October 2006 News Tips

Note to media: To reach the media contacts for any of these health news tips, call the Office of News and Publications at 214-648-3404.


Breast-cancer revelation not solely limited to detecting lumps

Women should be aware that not every type of breast cancer reveals itself with a lump during self exams. An aggressive, fast-spreading form called inflammatory breast cancer (IBC) grows in nests or sheets of cancer cells that spread through the breast. Because it is relatively rare, IBC is often diagnosed late or even misdiagnosed as an infection.

IBC accounts for about 1 percent to 6 percent of new breast cancer cases, according to the Susan G. Komen Breast Cancer Foundation.

"The most common symptoms of inflammatory breast cancer will be redness, swelling and sometimes pain," says Dr. Debu Tripathy, who leads the Komen/UT Southwestern Medical Center Breast Cancer Research Program. "And keep in mind that for people who have darker skin, it may be difficult to appreciate the redness. Sometimes all people feel is warmth and swelling. It can very easily be mistaken for an infection."

Some patients with IBC show a retraction or flattening of the nipple. Others have a nipple discharge, an unstoppable itch or a dimpling of the skin that appears like the skin of an orange. A biopsy is necessary to make the diagnosis, Dr. Tripathy says.

IBC survival rates greatly depend on when it is diagnosed. With recent advances in breast cancer treatment, the five-year IBC survival rate is now about 50 percent, according to experts.

Dr. Tripathy advises that women consult a doctor immediately if they have breast redness, pain or other symptoms possibly associated with IBC.

Visit http://www.utsouthwestern.org/cancercenter to learn more about UT Southwestern’s clinical services in cancer.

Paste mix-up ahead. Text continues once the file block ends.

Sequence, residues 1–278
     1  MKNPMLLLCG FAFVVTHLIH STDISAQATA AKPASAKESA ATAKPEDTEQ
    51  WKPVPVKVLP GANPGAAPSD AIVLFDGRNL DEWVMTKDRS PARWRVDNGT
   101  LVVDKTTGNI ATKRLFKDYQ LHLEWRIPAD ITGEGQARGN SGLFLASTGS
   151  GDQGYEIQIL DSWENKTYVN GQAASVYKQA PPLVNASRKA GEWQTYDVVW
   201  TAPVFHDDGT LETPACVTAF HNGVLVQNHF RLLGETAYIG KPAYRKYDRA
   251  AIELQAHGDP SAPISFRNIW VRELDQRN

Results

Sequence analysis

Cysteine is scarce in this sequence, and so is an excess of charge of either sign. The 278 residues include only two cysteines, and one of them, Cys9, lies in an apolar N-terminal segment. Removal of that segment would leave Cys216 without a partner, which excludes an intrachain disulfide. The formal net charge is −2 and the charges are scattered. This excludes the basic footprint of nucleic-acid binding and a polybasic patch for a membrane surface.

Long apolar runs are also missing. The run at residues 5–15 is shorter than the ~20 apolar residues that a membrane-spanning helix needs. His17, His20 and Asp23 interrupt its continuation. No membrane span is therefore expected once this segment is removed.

Media Contact: Toni Heinzl

October is Breast Cancer Awareness Month


Donning protective glasses clearly key to eye-injury prevention

Accidental eye injury is a leading cause of visual impairment nationally, yet nearly 70 percent of those injured weren't wearing protective eyewear, the main preventive measure, say ophthalmologists at UT Southwestern Medical Center, say ophthalmologists at UT Southwestern Medical Center.

"It's a simple thing that could make a big difference," says Dr. Preston Blomquist, a specialist in ocular trauma.
Many household chemicals — such as cleaning fluids, detergents and ammonia — are extremely hazardous and can burn the eye's delicate tissues. When using chemicals, always read instructions and labels carefully, work in a well-ventilated area and make sure spray nozzles point away from you and others. Be sure to wash your hands thoroughly after use. In case of a chemical burn, flush the eye with clean water.

Before using power lawn equipment, check for debris. Stones, twigs and other items can become dangerous projectiles shooting from lawnmower blades, potentially injuring the operator's eyes or those of bystanders. Wear safety glasses when using lawn equipment and while using tools in the workshop.